A new round of insurers has implemented auto insurance rebates, premium reductions, donations and other measures to help customers impacted by the coronavirus pandemic.

Their actions follow earlier, similar measures by Chubb, Allstate, Travelers, American Family, Next Insurance and others.

Highlights of insurers and actions taken are listed below.


GEICO said it will give back approximately $2.5 billion by way of a 15 percent credit to its auto and motorcycle customers as their policy comes up for renewal between April 8 and Oct. 7.

Courtesy: GEICO

The credit will also apply to any new policies purchased during this period.

GEICO’s average auto policy has a semi-annual premium of about $1,000 and generally covers more than one vehicle. This means GEICO expects credits to average about $150 per auto policy and $30 per motorcycle policy.

Overall, 18 million auto insurance customers and one million motorcycle customers should benefit, the company said.

As well, GEICO is pausing cancellations of coverage due to non-payment and policy expiration at least through April 30, 2020. The company has also committed to offering maximum flexibility to policyholders who need special payment options and also transitioning nearly all of its associates to work from home in order to continue its 24/7 service.


State Farm Mutual Automobile Insurance Company said it will give up to a $2 billion dividend to its auto insurance customers in the wake of the ongoing coronavirus pandemic. The idea is that driving has decreased now that schools and businesses are closed and many are sheltering in place.

State Farm said that auto customers will get a credit, on average of about 25 percent of premium from March 20 through May 31, with exact percentages varying by state. Customers will start receiving credits applied against their bills starting as early as June.

As well, the insurer is providing $5 million in donations nationally to communities in an effort to support COVID-19 relief and recovery efforts.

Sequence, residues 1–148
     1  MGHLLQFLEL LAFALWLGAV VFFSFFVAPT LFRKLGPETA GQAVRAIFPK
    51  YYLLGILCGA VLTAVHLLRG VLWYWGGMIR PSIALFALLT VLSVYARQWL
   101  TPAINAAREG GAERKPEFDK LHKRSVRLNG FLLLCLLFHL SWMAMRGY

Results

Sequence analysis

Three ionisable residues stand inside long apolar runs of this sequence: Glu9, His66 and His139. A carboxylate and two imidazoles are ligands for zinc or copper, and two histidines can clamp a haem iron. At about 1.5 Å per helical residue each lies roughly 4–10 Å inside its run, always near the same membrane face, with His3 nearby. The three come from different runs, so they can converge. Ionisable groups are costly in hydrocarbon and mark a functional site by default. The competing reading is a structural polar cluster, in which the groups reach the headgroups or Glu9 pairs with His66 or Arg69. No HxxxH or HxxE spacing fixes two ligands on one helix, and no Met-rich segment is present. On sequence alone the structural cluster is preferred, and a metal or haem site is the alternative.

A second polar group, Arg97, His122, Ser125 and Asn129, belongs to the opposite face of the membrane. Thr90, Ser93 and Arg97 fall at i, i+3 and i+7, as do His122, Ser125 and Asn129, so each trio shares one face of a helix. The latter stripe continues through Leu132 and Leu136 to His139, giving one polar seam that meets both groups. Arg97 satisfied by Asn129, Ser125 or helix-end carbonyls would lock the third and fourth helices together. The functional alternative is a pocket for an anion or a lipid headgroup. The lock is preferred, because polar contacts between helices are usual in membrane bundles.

Liberty Mutual Insurance said it will give its personal auto insurance customers a 15 percent refund on two months of their annual premium.

In all, this will return about $250 million to Liberty Mutual and Safeco personal auto insurance customers. This is in addition to other customer support programs designed to provide coronavirus relief, such as flexible payment options and delivery coverage expansion for auto policies.

Personal auto insurance customers will receive a 15 percent refund on two months of their annual auto premium as of April 7, 2020, pending regulatory approval. Refunds will begin in April and will be issued by check or however the customer made his or her most recent payments. Payments will be automatic.

Additionally, Liberty Mutual has halted late fee charges and cancellations due to non-payment for personal auto and home customers from March 23 through at least May 22, 2020. Liberty Mutual also expanded all personal auto policies to cover customers who use their personal vehicles to deliver food and medicine. Standard Safeco personal auto policies typically exclude such coverage. The added protection covers all personal auto policies in all states for losses occurring from March 16 through May 22, and reported by July 1, 2020.


The Hartford has launched its COVID-19 Personal Auto Payback plan, which gives customers a 15 percent refund on their April and May personal auto premiums. Overall, this will translate into a return of about $50 million to the insurer’s customers.

Refunds will be issued over the next two months to personal auto insurance policies in force as of April 1, 2020. They’ll be made by check or direct deposit into the accounts that customers use to pay their bill.